• The use of external felt soled or any natural or synthetic porous material capable of absorbing water in any freshwaters in Rhode Island is strictly prohibited. This includes any waters shared with adjacent states in which Rhode Island fishing regulations apply. It is prohibited to enter or exit a state boat ramp with any vegetation attached to any type of boats, motors, boat trailers, or any other conveyance or equipment to curtail the spread of invasive aquatic plants.
• All other Freshwater Fishing Regulations apply.
The daily creel and possession limit for trout and/or salmon singly or in aggregate, is five fish from Opening Day to Dec. 1, 2022, and two fish from Dec. 1, 2022, through Feb. 28, 2023. The creel and possession limits for trout or charr taken in the Wood River between Route 165 and Barberville Dam at Arcadia Road shall be limited to two fish from the second Saturday in May through the last day of February, annually. Anglers are reminded to obey all fishing and boating regulations.
Anglers are reminded to protect themselves from hypothermia. When outdoors, especially in low temperatures, dress in layers and wear a warm hat and gloves. Hypothermia is caused by exposure to cold weather, wind, rain, or submersion in cold water. It can set in when the body core temperature reaches 95 degrees Fahrenheit and is marked by shivering, dizziness, trouble speaking, lack of coordination, confusion, faster heartbeat, and shallow breathing. It is important to look for these symptoms in children and the elderly who may not be focused on this hazard. If hypothermia is suspected, call for help immediately. Move the victim to a warm environment, remove wet clothing, and cover them with warm layers of clothing or blankets. State law requires that boaters always have personal flotation devices for each person, and that they do not drink and operate a boat. Boaters should also be sure their craft is seaworthy before going out on the state’s waterways. For more information on Rhode Island boating laws, click here.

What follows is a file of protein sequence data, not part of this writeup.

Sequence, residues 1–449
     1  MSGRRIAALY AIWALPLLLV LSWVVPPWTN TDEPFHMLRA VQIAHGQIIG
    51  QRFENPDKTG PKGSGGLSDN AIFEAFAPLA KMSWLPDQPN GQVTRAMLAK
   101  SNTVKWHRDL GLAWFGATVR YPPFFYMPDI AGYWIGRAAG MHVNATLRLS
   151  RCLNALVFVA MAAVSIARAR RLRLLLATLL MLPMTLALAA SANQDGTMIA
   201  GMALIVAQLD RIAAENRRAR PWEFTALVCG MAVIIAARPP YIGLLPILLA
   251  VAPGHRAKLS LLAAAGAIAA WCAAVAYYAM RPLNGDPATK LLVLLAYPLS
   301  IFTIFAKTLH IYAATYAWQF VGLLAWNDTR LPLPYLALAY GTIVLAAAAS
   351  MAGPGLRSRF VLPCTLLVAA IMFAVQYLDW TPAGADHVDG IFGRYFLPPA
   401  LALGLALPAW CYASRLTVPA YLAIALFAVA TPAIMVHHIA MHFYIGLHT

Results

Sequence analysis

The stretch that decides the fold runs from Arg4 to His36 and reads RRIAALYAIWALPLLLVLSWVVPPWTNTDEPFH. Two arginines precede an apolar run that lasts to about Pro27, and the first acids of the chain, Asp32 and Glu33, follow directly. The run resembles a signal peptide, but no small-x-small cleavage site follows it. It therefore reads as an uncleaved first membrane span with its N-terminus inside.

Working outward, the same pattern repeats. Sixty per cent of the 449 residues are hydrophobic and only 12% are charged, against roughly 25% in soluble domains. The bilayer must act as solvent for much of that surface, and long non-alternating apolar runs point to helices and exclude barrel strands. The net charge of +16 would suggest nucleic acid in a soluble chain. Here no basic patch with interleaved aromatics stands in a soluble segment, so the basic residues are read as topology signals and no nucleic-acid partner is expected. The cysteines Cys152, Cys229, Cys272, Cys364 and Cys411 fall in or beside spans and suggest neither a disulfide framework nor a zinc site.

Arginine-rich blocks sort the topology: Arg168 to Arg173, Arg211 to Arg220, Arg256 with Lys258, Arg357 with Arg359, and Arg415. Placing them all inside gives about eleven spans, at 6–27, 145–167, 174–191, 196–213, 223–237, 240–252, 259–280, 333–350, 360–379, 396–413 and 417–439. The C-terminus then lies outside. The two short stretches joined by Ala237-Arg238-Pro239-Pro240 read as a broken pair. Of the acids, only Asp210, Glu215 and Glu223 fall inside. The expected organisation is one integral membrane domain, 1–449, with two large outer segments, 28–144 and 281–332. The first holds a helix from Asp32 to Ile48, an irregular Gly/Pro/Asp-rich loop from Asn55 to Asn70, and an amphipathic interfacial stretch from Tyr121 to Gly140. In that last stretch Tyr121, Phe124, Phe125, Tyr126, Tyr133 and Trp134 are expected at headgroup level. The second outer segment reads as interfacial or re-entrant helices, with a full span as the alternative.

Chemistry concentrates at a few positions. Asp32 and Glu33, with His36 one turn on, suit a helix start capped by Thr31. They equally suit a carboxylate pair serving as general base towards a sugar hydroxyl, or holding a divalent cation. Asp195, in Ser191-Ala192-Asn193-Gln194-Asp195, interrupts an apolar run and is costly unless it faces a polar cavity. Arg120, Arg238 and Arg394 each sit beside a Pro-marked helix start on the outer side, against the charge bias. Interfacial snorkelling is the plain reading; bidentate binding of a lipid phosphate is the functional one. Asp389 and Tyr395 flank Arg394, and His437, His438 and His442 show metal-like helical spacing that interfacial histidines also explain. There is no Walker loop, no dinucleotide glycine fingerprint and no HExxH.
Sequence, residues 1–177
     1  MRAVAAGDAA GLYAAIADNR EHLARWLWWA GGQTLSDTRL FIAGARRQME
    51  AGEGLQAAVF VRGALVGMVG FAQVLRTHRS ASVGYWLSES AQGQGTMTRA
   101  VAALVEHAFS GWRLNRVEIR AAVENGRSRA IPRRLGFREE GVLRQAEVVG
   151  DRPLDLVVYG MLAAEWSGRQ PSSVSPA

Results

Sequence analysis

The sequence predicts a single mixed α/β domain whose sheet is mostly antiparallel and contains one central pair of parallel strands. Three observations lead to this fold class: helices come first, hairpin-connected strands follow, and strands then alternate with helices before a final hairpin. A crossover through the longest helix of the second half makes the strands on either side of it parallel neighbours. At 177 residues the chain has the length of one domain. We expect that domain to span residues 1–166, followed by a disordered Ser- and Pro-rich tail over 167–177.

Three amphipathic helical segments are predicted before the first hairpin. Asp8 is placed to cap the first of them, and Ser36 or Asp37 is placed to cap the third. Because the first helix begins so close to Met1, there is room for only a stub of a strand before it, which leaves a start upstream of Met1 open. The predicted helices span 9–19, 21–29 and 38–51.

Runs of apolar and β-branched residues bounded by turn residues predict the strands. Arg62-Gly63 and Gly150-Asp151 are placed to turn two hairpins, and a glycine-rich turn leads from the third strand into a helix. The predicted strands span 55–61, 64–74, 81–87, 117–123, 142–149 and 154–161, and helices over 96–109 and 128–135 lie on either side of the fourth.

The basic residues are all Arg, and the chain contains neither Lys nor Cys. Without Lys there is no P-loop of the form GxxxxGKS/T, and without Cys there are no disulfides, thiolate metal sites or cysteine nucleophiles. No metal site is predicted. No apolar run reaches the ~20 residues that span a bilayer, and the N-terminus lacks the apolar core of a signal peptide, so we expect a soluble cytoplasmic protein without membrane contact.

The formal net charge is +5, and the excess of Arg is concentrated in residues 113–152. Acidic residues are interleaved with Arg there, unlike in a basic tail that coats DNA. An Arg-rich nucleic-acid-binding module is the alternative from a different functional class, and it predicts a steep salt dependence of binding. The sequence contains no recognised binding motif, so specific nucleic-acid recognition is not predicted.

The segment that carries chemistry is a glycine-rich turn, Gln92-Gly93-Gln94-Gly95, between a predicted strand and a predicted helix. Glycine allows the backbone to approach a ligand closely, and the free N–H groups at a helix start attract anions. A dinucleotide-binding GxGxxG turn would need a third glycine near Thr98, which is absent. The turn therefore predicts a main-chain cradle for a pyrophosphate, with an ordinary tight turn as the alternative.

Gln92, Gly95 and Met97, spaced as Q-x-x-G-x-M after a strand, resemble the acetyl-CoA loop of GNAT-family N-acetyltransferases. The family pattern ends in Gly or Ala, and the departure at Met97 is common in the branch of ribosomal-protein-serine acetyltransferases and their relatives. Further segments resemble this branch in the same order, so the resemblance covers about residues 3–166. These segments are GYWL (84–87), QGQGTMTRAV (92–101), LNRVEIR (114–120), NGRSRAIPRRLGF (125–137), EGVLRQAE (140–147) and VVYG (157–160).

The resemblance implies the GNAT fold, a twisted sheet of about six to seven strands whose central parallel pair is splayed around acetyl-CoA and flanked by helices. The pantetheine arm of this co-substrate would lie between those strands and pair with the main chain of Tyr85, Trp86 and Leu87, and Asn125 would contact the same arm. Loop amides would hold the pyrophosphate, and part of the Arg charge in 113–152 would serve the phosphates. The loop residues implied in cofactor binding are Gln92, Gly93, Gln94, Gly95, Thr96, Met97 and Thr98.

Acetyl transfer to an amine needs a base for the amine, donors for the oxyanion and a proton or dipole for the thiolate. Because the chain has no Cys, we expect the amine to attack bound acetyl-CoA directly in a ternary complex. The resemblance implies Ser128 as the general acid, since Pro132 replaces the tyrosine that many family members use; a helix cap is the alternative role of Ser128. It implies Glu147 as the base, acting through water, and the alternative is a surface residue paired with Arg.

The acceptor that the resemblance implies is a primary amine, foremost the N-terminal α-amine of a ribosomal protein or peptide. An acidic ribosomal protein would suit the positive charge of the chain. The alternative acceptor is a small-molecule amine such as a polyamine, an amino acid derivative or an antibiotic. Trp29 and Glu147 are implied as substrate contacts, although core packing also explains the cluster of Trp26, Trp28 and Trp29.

Remember the three “Tick Free Rhode Island” keys:
• Repel ticks (use repellent with 20-30% DEET or other EPA-approved repellents on skin and permethrin on clothing/shoes).
• Check for ticks on yourself, children, and pets.
• Remove ticks properly as soon as possible.
For more detailed information and videos, visit Department of Health website and tickencounter.org
Anglers are advised to take the following safety precautions when fishing:
• Stand back from the shoreline and be aware of surroundings.
• If fishing from a boat, always wear a life jacket, and ensure boats are seaworthy before going out on the water.
• Don’t drink alcohol while operating a boat.
• Always stay in the boat; water temperatures are low and the risk of drowning because of cold water is high.
• If the boat capsizes, remain with the boat where you are more likely to be seen by rescuers. Swim for shore only if wearing a life jacket, if the likelihood of rescue is low, or if you are close to shore and not able to climb back into or on top of the boat.
For more information on DEM programs and services, visit www.dem.ri.gov. Follow DEM on Facebook, Twitter (@RhodeIslandDEM), or Instagram (@RhodeIsland.DEM).